I have an honest question about wool. (honest as opposed to argumentative which some vegan people would undoubtedly take this question since I'm vegetarian.) Anyway.... I knit and live in a rural community. One of my friends has pet sheeps and since their wool does continue to grow she has to sheer them. I've helped her sheer them and it doesn't seem particularly stressful for the sheeps (a lot like giving the dog a haircut and trimming her nails really) but she does bribe them with mollasses covered oaty things while she is doing it. She's gentle but quick. What are the ethical considerations of using this wool for knitted items from a vegan perspective? Alternatively, but related, they have a house bunny who happens to be angora who gets brushed frequently (and looooooves it so much he will flip over on his back and stretch so you can do his tummy.) I've been learning how to use a drop spindle on the hair they collect from the bunny and would like to be able to stretch it out using some of the wool in the spring but I've been conflicted about it.
Nov. 19th, 2008 06:04 am (UTC)
The sheep at the sanctuary get sheered. It would be unethical of us not to. Only two of the sheep are a wool-type and every now and then a volunteer or staff member longs to knit with that wool. So every now and then we get it cleaned and spun so it can be used. Never for profit. The rest of the wool is dumped in the woods for birds and rodents to make nests out of.

As an individual, I personally see nothing wrong with using the wool or hair from a companion animal. As long as the animal in question is seen as a valued member of the family (so to speak) and not as simply a wool machine or future lamb chops, then no harm is done to the animal. If one is so inclined, one could take the "ethical" wool as an opportunity to educate folks about the realities behind the wool industry as a whole. Or not. :)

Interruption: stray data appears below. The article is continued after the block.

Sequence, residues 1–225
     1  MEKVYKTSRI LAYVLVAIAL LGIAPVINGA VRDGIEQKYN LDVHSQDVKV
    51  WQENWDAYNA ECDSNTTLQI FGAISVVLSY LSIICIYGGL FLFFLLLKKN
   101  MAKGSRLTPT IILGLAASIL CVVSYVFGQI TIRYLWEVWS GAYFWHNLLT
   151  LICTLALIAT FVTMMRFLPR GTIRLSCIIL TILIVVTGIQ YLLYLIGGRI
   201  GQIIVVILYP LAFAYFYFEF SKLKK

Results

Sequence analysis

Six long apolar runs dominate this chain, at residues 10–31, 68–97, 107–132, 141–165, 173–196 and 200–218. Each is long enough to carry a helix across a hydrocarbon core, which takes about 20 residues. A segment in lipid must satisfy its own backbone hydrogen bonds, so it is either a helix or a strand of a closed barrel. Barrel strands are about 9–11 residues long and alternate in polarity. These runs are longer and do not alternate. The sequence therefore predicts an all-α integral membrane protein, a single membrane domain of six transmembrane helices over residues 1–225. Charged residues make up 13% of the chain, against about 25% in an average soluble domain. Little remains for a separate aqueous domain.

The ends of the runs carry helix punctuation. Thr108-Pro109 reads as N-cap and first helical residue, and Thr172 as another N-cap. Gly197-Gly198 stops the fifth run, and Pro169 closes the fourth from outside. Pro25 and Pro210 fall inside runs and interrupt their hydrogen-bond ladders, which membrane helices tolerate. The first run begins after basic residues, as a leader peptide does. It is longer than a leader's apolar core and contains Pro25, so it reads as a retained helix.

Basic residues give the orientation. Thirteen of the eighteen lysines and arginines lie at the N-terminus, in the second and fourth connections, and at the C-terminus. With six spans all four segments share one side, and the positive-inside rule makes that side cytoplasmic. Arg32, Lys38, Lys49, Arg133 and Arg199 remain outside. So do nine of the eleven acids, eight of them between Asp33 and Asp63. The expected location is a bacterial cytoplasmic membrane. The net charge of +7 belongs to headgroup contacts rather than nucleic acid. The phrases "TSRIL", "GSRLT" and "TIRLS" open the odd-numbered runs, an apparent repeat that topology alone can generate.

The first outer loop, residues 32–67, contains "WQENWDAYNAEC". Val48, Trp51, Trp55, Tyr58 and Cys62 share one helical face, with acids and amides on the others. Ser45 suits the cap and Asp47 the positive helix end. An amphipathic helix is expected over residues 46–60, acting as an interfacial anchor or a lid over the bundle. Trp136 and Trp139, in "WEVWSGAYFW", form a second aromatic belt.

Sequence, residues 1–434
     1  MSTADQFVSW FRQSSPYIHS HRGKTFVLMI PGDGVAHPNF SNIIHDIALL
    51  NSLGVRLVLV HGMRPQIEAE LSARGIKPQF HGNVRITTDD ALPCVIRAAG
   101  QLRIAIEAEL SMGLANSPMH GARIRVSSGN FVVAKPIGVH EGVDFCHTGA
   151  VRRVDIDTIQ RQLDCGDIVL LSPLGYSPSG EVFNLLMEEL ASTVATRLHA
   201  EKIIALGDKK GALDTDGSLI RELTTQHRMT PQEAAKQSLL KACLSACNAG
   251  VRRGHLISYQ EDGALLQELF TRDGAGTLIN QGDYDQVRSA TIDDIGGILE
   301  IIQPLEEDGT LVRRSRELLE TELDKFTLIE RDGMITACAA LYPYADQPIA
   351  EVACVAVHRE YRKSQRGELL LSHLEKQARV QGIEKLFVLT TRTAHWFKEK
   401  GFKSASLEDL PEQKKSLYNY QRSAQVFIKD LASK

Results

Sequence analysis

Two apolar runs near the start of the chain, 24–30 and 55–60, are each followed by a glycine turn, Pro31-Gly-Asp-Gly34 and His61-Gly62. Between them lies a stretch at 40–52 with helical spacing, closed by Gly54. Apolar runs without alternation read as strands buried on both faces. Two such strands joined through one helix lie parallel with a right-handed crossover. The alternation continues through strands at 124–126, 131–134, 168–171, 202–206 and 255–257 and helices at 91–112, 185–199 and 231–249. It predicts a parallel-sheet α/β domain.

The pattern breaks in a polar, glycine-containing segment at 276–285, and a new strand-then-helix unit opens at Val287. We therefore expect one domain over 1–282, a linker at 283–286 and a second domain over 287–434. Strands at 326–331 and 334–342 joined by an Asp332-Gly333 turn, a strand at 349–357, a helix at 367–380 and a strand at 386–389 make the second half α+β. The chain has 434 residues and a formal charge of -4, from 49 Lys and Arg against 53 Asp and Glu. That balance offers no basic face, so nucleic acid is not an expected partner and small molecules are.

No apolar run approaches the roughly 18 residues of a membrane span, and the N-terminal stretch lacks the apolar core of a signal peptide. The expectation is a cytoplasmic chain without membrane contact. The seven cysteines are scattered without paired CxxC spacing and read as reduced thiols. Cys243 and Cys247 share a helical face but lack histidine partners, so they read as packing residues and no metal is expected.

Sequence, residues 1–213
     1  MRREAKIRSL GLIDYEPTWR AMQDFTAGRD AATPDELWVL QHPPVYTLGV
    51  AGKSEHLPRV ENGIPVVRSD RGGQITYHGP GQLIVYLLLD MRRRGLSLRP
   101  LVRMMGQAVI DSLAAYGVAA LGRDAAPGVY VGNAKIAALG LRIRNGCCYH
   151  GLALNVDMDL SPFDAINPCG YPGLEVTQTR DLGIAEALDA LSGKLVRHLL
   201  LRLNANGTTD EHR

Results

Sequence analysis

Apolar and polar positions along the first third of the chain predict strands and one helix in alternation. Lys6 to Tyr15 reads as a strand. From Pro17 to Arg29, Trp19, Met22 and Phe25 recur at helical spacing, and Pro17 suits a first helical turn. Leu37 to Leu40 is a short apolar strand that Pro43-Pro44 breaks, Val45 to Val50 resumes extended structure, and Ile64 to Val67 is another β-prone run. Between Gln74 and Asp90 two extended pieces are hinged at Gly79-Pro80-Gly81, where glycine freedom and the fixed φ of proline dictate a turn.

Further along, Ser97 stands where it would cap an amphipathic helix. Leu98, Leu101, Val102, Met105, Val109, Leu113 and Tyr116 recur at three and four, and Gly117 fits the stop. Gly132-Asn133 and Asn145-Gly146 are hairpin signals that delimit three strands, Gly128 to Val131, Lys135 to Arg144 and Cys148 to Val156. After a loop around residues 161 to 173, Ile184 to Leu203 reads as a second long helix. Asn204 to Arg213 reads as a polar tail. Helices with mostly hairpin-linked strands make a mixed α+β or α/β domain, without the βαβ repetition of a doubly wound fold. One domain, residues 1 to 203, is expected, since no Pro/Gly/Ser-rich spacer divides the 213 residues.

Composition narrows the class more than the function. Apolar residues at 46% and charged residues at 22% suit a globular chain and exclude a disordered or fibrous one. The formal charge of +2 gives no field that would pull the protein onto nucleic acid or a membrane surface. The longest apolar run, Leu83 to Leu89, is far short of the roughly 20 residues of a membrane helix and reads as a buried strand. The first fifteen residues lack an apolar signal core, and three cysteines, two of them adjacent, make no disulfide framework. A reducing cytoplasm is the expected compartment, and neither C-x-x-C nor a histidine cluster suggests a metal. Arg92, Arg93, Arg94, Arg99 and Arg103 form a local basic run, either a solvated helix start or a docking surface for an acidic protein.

The ideal situation would be to adopt a sheep or rabbit instead of buying one and to make sure the sheep is not tail docked, ear-tagged or, in the case of males, castrated without anesthesia. A good sheep sheerer handles sheep humanely and quickly - ours gets through five sheep in under an hour, never even nicking our heavily-folded merino lady. The stress of handling is sadly unavoidable due to the realities of what happens when wool is allowed to grow on its own. Sweet grain helps appease the angry and nekkid sheepies. :)

I don't know if that answers your question. There are those who would argue that the wool or hair of an animal is no more ours to use than their flesh or fur, regardless of whether they are companions or not. It's not a stance I personally take.
Nov. 19th, 2008 06:57 am (UTC)